Articles: CPU

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We have been far from enthusiastic about the summer release of Haswell-based CPUs for the LGA1150 platform. The new CPUs are not much faster than their predecessors. They need less power in idle mode but more power at high loads. Overall, these are not the kind of improvements that may entice one into upgrading. The improved integrated graphics core should also be mentioned, yet it doesn’t make any difference. The previous generation of CPUs had enough 2D capabilities whereas the new generation, even though faster, still cannot serve as a good substitution for a discrete graphics card in heavy 3D games. Taking an enthusiast’s point of view, we can find even more reasons to be disappointed with the LGA1150 Haswell-based CPUs.

Overclocking is a simple, easy and safe way to increase performance because a computer’s potential is usually much higher than specified. The specifications are not always shaped by technical restrictions. There may be other factors like the manufacturer’s desire to fit within a certain TDP, keep a competitive price or extend a product range for a broader user audience. After all, there is always a safety margin since the manufacturer cannot check out the physical capabilities of each and every CPU die. So the end-user, who is not restricted by any manufacturing limitations, can find out the true potential of his computer’s components and enjoy higher performance by applying necessary settings. We guess that overclocking is only not needed when the computer is used for text editing, email and web browsing, i.e. when high performance is not really called for.

Overclocking became somewhat problematic with the LGA1155 Ivy Bridge processors. Their 22nm die was smaller than the 32nm die of the Sandy Bridge series, so it was harder to cool them properly, especially as there was low-quality thermal interface between the CPU’s die and cover. The Haswell design has one more problem: the integrated voltage regulator adds to the CPU’s own power dissipation. The small die, the inefficient thermal interface and the increased heat dissipation are the key factors that impede successful overclocking of Haswell-based CPUs. And these are not all the negative factors, actually.

We’ve always advocated energy efficient overclocking methods. The best way is to overclock without increasing any voltage because high voltage has the biggest negative effect on the CPU’s power consumption and heat dissipation. But if you increase your CPU voltage anyway, it is better to do that in the offset mode. In this case, an offset value is added to the default voltage, so the CPU’s power-saving technologies remain up and running. It turns out, however, that the Haswell’s integrated regulator increases voltage further automatically as soon as you change the latter yourself. This automatic and unnecessary increase in voltage makes overclocking impossible due to overheat.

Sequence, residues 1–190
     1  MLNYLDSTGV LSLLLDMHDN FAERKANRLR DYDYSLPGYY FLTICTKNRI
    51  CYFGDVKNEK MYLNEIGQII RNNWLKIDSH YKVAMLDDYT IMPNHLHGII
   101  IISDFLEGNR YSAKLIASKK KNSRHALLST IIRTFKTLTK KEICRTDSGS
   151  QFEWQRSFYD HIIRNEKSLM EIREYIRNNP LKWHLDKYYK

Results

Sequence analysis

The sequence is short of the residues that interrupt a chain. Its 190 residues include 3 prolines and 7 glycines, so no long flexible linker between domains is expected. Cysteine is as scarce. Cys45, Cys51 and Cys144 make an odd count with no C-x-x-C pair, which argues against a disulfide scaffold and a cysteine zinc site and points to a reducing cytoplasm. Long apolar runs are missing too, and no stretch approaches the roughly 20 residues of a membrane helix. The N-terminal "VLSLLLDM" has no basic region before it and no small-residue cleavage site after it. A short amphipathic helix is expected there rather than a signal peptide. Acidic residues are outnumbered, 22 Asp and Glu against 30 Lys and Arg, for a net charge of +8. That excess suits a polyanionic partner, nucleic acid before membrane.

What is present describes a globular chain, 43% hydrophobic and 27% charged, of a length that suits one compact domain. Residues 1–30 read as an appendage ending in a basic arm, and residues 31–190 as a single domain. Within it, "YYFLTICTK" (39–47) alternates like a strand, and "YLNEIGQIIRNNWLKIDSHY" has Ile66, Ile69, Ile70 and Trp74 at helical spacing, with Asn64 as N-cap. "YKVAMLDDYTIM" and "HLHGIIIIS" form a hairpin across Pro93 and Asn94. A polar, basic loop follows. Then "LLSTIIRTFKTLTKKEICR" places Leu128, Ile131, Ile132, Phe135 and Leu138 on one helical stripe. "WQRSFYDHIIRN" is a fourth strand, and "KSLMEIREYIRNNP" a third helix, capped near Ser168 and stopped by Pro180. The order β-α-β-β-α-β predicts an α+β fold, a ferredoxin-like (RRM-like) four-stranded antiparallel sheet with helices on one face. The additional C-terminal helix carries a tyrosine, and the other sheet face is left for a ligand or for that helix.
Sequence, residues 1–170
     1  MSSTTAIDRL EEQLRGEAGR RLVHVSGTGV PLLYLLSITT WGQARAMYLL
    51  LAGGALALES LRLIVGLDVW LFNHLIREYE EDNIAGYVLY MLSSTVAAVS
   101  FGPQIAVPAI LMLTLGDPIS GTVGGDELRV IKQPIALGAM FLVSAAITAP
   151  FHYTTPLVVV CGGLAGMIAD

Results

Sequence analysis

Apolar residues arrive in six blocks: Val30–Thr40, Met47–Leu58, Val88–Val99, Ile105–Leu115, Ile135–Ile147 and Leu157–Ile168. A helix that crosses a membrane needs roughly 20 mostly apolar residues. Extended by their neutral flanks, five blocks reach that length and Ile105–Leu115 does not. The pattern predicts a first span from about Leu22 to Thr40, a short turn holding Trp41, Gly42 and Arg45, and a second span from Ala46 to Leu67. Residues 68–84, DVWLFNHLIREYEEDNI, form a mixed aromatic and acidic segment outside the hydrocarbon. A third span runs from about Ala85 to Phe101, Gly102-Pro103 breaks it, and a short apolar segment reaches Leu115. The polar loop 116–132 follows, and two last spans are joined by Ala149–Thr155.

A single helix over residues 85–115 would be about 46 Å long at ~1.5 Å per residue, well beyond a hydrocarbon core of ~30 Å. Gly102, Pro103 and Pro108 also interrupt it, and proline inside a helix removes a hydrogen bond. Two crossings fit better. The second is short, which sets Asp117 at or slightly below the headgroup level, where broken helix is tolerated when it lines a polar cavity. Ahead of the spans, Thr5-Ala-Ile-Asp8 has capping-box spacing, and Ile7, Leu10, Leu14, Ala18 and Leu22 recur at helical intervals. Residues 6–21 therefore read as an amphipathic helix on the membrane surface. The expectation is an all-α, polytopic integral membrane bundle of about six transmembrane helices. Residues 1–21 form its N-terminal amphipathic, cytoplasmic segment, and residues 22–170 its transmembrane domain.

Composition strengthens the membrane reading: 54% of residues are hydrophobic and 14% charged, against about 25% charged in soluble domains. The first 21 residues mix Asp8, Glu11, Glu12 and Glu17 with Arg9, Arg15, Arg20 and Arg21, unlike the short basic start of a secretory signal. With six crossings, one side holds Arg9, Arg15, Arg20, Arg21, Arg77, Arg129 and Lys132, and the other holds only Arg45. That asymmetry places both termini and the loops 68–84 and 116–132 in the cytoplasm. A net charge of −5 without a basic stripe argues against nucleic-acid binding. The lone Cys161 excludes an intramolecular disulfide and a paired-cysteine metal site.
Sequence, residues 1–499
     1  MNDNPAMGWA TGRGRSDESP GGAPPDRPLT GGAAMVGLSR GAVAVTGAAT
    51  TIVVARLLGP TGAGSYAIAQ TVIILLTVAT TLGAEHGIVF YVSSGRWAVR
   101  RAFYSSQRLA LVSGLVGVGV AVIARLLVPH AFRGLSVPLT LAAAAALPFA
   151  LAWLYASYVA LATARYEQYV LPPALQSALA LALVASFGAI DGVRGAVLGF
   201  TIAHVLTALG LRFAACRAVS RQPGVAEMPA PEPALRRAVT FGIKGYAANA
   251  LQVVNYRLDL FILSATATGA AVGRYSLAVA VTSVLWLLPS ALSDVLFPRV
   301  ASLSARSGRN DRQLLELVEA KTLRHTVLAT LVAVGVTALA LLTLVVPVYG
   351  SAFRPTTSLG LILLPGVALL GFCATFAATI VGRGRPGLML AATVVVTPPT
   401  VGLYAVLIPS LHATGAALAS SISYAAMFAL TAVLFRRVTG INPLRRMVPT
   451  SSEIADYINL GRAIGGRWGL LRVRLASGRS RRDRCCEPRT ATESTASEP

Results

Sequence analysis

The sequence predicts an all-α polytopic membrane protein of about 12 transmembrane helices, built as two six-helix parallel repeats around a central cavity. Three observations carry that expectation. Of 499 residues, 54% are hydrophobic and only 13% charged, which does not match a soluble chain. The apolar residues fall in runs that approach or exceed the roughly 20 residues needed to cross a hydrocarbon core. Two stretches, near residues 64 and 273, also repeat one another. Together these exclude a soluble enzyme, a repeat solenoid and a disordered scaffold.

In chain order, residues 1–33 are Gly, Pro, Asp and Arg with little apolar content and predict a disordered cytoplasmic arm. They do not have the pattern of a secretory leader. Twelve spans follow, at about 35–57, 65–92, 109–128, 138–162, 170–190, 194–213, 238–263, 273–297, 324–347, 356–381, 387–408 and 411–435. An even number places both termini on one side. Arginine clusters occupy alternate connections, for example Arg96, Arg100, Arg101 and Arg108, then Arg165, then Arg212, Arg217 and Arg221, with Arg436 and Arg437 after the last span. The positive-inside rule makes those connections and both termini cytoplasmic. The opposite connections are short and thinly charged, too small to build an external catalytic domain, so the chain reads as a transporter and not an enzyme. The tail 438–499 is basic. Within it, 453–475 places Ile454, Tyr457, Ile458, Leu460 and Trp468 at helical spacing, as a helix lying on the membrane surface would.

As a matter of fact, it is not just the Haswell design but the LGA1150 platform at large which is to blame. We test mainboards in two modes: at their default settings and in overclocked mode. The overclocking tests help estimate the performance benefits of overclocking while the first mode helps compare mainboards at their default settings. After all, many users don’t fine-tune their computers at all, limiting themselves to loading the so-called optimized BIOS settings. Oddly enough, we haven’t yet seen an LGA1150 mainboard that wouldn’t require adjusting its default settings. In the past, we occasionally encountered mainboards that set the CPU frequency too high by default, but now nearly every mainboard calls for some manual adjustment of its default settings to make the components work as specified.

Considering the latest trends, which make desktop platforms less attractive with each new generation, we would be glad to give up such CPUs altogether, yet there is no alternative. AMD’s CPUs come at low prices but are awful in terms of performance and power consumption. CPUs of other microarchitectures have not reached desktop PCs yet. That’s why we have prepared this article to clarify the process of setting up a new LGA1150 computer for working in default and overclocked mode. We had wanted to focus on overclocking only but eventually found out that many LGA1150 mainboards could not ensure standard operating parameters at their default settings, so we will also tell you how to readjust BIOS options for efficient work in normal mode even if you don’t plan to do any overclocking.

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